Cover for Tennessee Williams’ In the Winter of Cities, New Directions, 1957
A new site dedicated to the work of US graphic designer and artist Elaine Lustig Cohen, who turned 88 earlier this month, has been launched by Kind Company. It’s a fantastic resource – and in bringing her work to a wider audience, it’s one of the best examples of online design biography out there…
Homepage of Elaine Lustig Cohen‘s new site
Created by Greg D’Onofrio and Patricia Belen – the founders of the excellent Display site – elainelustigcohen.com features over 400 examples of her book designs, catalogues, logos, advertising work, signage and interiors commissions, supplemented by her collage and painting. In the process of creating this vast body of work, Lustig Cohen developed her own brand of American modernism.
“My life as an artist has been shaped by two passions,” she writes in her artist’s statement to the site, “for graphic design created in the public sphere on the one hand, and by the exploration of a related private vision in painting, on the other.”
Work for Meridian Books and Museums
As the pair recently told Steven Heller, Elaine Firstenberg – as she was then known – began working as a design assistant to Alvin Lustig in California in the late 1940s. The pair were married in 1948 and moved to New York at the invitation of Josef Albers who wanted them to start a graphic design programme at Yale.
When Lustig died (aged just 40), Elaine began to work as an independent graphic designer; her first project was to continue the work that Lustig had started on signage for the famous Seagram Building.
Around the same time, as Heller explains in his informative biography on the new site, “Arthur Cohen, book publisher and the Lustigs’ best friend, insisted that Elaine design Meridian Books’ new line of paperbacks. Alvin designed the first 25 and Elaine went on to do more than 100 more. Those jackets helped distinguish her more freeform style from Alvin’s late-period precisionist approach.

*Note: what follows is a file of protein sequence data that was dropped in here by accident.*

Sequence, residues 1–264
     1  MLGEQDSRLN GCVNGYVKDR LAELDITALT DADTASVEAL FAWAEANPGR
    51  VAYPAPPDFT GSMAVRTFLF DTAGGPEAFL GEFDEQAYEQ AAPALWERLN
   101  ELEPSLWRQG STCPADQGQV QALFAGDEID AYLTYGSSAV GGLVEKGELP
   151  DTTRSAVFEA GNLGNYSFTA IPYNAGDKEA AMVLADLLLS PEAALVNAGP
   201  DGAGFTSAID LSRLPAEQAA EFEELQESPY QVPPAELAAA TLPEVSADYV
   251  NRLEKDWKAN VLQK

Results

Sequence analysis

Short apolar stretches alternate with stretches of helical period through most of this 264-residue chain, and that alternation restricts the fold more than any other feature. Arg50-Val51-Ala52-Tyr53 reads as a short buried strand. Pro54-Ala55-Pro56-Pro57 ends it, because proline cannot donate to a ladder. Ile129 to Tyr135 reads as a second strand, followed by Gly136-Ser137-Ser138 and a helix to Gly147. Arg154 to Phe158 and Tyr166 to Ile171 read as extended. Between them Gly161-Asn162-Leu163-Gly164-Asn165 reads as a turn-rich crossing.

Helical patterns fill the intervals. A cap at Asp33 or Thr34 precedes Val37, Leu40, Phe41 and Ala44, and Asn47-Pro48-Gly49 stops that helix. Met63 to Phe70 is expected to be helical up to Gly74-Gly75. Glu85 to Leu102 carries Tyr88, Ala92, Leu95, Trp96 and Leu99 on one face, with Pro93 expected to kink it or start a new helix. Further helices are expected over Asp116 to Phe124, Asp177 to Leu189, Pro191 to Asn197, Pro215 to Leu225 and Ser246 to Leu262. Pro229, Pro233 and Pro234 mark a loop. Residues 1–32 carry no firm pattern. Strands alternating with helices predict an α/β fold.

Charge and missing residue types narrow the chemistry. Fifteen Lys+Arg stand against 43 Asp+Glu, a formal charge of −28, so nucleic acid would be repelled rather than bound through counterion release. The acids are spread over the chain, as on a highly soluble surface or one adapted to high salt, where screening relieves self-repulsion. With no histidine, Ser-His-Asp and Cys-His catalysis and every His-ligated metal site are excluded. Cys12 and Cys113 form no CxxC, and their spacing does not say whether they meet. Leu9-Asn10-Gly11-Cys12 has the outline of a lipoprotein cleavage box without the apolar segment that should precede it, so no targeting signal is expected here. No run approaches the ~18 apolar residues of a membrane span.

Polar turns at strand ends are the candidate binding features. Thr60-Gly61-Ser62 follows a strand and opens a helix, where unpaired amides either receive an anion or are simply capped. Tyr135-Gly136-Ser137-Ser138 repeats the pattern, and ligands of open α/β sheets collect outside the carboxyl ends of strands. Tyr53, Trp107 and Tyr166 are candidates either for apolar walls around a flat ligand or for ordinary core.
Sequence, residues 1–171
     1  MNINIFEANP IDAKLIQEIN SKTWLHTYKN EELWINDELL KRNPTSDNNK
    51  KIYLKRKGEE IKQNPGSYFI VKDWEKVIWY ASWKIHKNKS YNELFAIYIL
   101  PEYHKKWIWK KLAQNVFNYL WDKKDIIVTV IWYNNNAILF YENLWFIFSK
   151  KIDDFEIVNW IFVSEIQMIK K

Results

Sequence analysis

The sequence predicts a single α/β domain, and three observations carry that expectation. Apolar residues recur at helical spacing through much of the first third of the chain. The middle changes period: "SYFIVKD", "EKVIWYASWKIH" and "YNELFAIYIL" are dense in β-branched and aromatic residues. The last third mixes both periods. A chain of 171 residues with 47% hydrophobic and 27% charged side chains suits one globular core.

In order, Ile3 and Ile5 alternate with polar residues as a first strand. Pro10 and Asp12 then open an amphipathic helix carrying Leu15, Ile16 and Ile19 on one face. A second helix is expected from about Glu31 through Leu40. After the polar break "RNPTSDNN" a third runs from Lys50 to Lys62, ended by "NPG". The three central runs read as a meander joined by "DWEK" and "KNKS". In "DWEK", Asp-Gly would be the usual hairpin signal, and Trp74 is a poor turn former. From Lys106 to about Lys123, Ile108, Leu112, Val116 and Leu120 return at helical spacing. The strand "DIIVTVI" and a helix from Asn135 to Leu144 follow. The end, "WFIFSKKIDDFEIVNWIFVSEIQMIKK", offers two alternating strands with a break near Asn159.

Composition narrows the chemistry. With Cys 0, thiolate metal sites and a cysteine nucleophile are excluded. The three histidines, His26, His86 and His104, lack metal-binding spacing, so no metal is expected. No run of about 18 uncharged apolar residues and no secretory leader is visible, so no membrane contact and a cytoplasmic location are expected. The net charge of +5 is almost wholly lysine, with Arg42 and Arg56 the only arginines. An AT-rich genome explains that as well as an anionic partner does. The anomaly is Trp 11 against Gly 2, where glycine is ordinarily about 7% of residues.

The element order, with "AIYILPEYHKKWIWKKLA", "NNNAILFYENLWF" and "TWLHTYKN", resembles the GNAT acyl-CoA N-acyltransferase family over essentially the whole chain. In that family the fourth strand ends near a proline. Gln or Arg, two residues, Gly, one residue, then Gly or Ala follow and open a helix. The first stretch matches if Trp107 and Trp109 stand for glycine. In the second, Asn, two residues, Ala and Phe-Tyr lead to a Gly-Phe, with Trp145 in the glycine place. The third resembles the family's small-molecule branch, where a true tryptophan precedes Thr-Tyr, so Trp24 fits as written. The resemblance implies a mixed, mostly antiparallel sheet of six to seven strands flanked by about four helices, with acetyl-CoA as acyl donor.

A Reviewer’s ABC book cover, Meridian Books, 1958
Catalogue of Catalogues, Ex Libris, 1982
“In addition to jackets and covers,” Heller continues, “Elaine designed lobby signs and catalogs for the Jewish Museum, the Museum of Primitive Art, Rio de Janeiro’s Museum of Modern Art, Lincoln Center (in conjunction with Chermayeff & Geismar, on signage that was never adopted) and the 1964 New York World’s Fair, creating graphic design for the architectural firm Harrison & Abramovitz.”
Together with Cohen, whom she married in 1956, Elaine also set up the book shop, Ex Libris, that specialised in avant-garde titles. “Although she still accepted the occasional client,” says Heller, “Elaine primarily did the Ex Libris catalogs, which she would design in an appropriate historical manner”.
Graphic design work, including an invitation for the Water Resources Council, 1958
The new website is a well thought out introduction to Lustig Cohen’s long life in graphic design and worth a visit if you’re unfamiliar with her work.
“Elaine Lustig Cohen began in her husband’s shadow, yet emerged among her male counterparts as an exemplar of contemporary graphic design and typography,” writes Heller. Through Ex Libris, she became a fount of design history and a wise and generous resource for scholars and students of design. She is a living link between design’s modernist past and its continually changing present.”
Building signage, including work for 375 Park Avenue, The House of Seagram, 1957
ABC Glow art print, 2005